Marco Micone grew up in Montreal and since he was thirteen when he arrived he spoke, read and wrote in Italian. In high school he read Gabrielle Roy's novel, Petite poule d'eau and discovered Quebec literature. He earned French degrees from Loyola College and McGill University where he wrote an M.A. thesis (1971) on the theatre of Marcel Dubé. He spent his professional career teaching Italian at Vanier College in Montreal, but was also involved in community and political activities as a spokesperson for immigrant issues. In the 1970s he joined the Parti Qébècois, the nationalist movement in Quebec.
Micone wrote and staged his first French play, Gens du silence in 1980 and became a voice for the voiceless Italian immigrants of Quebec. It was published in 1982 and the English translation, Voiceless People in 1984. The English version was staged in Vancouver in 1986. The first French-language play to critically examine the immigrant conditions in Quebec it went on to achieve great success with repeated productions. Micone's dialectical style took a feminist turn with Addolorata staged in 1983 published in 1984, a play that focuses on the condition of immigrant women. The third play in Micone's trilogy, Déjà l'agonie staged 1986, published 1988, has a pessimistic tone as it considers the lost culture of the immigrant and the abandoned villages in Italy. He published a one-act play, Babele in 1989. Micone published a poem, Speak What 1989 in response to Michele Lalande's controversial poem, Speak White. Micone also published a book of biographical essays, Le Figuier enchanté(1992).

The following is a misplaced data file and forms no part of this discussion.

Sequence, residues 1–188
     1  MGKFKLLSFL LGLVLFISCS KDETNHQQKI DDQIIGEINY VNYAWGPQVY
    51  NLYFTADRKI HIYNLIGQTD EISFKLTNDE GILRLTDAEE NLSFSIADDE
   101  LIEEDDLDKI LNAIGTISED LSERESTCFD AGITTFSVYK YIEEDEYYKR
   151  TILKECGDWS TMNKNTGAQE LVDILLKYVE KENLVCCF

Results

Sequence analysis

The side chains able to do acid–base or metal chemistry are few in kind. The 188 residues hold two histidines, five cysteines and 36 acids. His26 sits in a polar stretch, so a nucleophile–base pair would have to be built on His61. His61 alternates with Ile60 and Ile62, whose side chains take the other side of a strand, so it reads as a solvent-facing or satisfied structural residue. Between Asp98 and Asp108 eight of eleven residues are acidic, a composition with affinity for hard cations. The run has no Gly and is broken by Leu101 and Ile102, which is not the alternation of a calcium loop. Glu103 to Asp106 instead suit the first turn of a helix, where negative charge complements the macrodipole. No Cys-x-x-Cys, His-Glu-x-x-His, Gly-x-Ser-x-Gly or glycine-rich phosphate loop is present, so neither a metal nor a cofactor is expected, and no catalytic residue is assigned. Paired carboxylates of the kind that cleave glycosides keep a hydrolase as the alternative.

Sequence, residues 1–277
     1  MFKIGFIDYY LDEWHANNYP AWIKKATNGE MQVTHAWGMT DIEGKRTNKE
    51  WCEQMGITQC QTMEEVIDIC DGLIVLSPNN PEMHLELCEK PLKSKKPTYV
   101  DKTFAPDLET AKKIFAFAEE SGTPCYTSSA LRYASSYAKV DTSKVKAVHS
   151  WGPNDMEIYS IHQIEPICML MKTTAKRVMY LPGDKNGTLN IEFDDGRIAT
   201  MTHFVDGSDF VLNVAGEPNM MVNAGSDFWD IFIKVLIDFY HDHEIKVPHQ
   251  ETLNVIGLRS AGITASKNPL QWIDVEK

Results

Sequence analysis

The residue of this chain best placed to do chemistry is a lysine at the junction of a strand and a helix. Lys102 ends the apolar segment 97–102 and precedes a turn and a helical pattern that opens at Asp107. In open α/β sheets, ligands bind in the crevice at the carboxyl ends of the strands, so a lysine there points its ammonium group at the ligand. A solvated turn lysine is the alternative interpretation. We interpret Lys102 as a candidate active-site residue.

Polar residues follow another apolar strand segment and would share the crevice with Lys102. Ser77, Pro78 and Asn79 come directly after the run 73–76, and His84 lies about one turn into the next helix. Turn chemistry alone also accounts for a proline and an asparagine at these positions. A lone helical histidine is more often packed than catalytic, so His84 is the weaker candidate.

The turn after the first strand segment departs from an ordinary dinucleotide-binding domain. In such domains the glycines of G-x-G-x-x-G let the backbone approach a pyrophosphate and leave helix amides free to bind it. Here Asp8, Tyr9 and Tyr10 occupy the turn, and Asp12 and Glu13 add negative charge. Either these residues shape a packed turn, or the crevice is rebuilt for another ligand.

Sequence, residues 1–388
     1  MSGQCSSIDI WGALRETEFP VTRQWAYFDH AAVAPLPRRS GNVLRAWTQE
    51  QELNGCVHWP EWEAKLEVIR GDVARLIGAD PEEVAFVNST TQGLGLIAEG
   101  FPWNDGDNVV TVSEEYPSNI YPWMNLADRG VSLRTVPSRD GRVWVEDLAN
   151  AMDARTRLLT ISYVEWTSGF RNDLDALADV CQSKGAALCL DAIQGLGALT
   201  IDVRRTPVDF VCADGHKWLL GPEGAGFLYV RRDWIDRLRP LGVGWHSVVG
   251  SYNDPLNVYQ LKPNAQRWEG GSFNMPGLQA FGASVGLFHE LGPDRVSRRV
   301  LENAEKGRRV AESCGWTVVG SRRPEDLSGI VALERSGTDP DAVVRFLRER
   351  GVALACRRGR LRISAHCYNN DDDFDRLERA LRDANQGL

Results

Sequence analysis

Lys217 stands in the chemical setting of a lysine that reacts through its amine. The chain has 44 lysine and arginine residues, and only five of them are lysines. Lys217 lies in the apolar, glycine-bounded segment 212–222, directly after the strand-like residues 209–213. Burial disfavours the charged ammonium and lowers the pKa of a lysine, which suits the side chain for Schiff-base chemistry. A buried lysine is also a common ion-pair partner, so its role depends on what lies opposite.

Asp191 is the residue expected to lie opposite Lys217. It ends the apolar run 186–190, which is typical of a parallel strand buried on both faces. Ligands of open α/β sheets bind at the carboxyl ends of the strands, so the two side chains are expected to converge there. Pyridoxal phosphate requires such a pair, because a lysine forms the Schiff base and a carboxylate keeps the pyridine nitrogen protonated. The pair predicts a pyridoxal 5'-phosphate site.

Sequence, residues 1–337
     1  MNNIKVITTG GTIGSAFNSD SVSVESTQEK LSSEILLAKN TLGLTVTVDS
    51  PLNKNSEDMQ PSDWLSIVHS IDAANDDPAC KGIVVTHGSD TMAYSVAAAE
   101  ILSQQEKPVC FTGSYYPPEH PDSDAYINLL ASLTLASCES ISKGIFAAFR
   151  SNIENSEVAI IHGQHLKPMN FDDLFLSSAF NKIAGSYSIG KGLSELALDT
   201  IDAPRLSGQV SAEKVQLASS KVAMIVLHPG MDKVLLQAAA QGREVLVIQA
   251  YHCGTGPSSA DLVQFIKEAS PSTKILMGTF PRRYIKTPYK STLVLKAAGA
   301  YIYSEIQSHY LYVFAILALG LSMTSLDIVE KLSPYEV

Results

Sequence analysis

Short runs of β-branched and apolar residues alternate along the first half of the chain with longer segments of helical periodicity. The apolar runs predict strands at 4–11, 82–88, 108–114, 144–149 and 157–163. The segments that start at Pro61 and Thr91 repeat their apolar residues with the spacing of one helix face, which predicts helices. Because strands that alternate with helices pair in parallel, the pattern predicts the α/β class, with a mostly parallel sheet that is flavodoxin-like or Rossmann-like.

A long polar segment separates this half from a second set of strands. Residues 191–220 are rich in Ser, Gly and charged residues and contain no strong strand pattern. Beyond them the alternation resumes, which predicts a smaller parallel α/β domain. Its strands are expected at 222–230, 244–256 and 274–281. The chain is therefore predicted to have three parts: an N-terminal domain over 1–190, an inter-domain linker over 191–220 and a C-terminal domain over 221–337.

Marco Micone worked as a French translator for theatres in Quebec and adapted a number of classical Italian plays for Montreal audiences among which are Pirandello's Sei personaggi in cerca d'autore(1992), Goldoni's La Locandiera (1993), La Serva amorosa (1997), Le donne di buon umore(2000), La vedova scaltra (2002), and Gozzi's Angelino belverde (1998). His translation of Shakespeare's The Taming of the Shrew produced in 1995 was given a feminist adaptation. Micone also published many magazine articles which engage in the controversies of Quebec politics and the conditions of immigrants in a nationalist society.
Gens du silence. Montreal: Québec/Amérique, 1982.
Voiceless People. Montreal: Guernica Editions, 1984. (English version of the above.)
Addolorata. Montreal: Guernica, 1984. (French version)
Two Plays: Voiceless People, Addolorata. Montreal: Guernica, 1988 (English versions)
Déjà l'agonie. Montreal: l'Hexagone, 1988.
Beyond the Ruins. Toronto: Guernica, 1995. (English version of Déjà l'agonie.)
Le Figuier enchanté. Montreal: Boréal, 1992.
La Locandiera. trans of Goldoni. Montreal: Boréal, 1993.
Speak what: suivi d'une analyse de Lise Gauvin. Montreal: VLB Editeur, 2001.
Silences. Montreal: VLB, 2004.
Migrances: suivi de, Una Donna. Montreal: VLB, 2005.
Hurley, Erin. "Devenir autre: Languages of Marco Micone's Culture Immigrée."Theatre Research in Canada 25 1.2 (Spring-Fall 2004): 8-14.
Pivato, Joseph. "Five-Fold Translation in the Theatre of Marco Micone." Canadian Theatre Review 104 (Fall 2000): 11-15.
Pivato, Joseph. Contrasts: Comparative Essays on Italian-Canadian Writing. Montreal: Guernica Editions, 1985.
Simon, Sherry. "Speaking with Authority: The Theatre of Marco Micone." Canadian Literature 106 (Fall 1985): 57-63.
1989 Grand Prix du Journal de Montreal for Déjà l'agonie.
1992 Prix des Arcades de Bologne for Le Figuier enchanté.
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